Setting emissions targets in Bali 'too ambitious': UN chief
A final international agreement setting new targetsto slash greenhouse gas emissions would be "too ambitious" to solidify in this week's round of climate talks in Bali, the UN chief said Wednesday.
"Practically speaking, this will have to be negotiated down the road," UN Secretary General Ban Ki-moon told reporters, when asked whether delegates could agree to including greenhouse gas emissions targets in a new climate accord.
While the European Union and developing countries favourreductions targets forgreenhouse gases, the U.S. opposes setting specific limits.
Wednesday's talks in Bali brought together ministers from more than 130 nations for a high-level segment ofa two-week summit, which ends Friday. Delegates are working to set an agenda for talks on a new climate pact to replace the Kyoto Protocol.
An early draft statement for the conference, which the Associated Press obtained this week, asks that rich countries consider cutting emissions blamed for global warming by between 25 per cent and 40 per cent below 1990 levels by the year 2020.
Achieving that goal will be a challenge, Ban said.
"Realistically, it may be too ambitious" for this week's summit in the Indonesian resort island, he said, downplaying expectations for strong commitments in the final document.
"I urged the U.S. government to exercise flexibility, as the largest economic power of the world," Ban added.
U.S., Canadatake similar stance
Meanwhile on Wednesday, Canadian Environment Minister John Baird said from Bali that Canada's 700 biggest polluters will have six months to report on their greenhouse gas emissions. He said the data collected will be used to impose binding reduction targets sometime next year.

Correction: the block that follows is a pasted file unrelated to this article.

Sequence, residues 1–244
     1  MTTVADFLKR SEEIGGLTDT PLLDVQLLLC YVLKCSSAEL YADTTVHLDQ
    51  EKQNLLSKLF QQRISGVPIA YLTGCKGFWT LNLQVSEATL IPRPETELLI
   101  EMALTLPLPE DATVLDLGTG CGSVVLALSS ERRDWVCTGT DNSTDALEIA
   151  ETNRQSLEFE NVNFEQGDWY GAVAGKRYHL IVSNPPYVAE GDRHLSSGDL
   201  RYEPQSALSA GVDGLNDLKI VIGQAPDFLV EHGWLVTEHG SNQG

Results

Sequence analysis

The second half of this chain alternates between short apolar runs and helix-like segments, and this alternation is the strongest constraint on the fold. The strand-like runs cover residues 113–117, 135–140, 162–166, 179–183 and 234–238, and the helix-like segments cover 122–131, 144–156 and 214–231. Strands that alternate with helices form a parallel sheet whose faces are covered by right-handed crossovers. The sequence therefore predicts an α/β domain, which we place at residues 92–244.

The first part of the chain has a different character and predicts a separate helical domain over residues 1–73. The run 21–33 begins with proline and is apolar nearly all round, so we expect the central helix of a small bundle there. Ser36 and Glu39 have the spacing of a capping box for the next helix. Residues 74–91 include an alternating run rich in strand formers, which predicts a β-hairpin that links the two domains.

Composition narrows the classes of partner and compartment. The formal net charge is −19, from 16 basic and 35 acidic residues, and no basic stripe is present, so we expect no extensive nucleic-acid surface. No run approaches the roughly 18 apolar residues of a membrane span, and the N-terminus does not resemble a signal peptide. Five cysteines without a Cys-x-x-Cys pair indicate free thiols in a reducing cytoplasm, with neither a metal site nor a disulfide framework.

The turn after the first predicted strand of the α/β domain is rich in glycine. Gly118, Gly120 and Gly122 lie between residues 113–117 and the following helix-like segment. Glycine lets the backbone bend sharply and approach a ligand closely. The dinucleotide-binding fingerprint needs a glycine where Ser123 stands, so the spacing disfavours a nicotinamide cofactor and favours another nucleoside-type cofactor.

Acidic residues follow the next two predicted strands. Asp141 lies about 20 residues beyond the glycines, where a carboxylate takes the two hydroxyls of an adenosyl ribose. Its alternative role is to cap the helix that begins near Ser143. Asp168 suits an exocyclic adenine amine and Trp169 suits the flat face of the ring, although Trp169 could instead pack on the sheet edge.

The targets are a key part of the Conservative government's plan to reduce greenhouse-gas emissions by 20 per cent by 2020 — a figure that falls short of the Kyoto Protocol's requirements.
Anumber of environmental groups have been critical of Canada, which has adopted a similar bottom line as the U.S. in Bali.
The U.S. has argued that economic powerhouses such as China and India, which were not subject to the mandatory reductions under the Kyoto Protocol, must also commit to limits ifthere is to be any progress in curbing climate change.
Harlan Watson, a lead U.S. negotiator at the Indonesia talks, suggested that including specific emissions reduction targets in the final document would prejudice negotiations over the next two years aimed at crafting a new global warming pact to take effect after Kyoto expires in 2012.
"The reality in this business is that once numbers appear in the text, it prejudges the outcome and will tend to drive the negotiations in one direction," Watson said.
With files from the Associated Press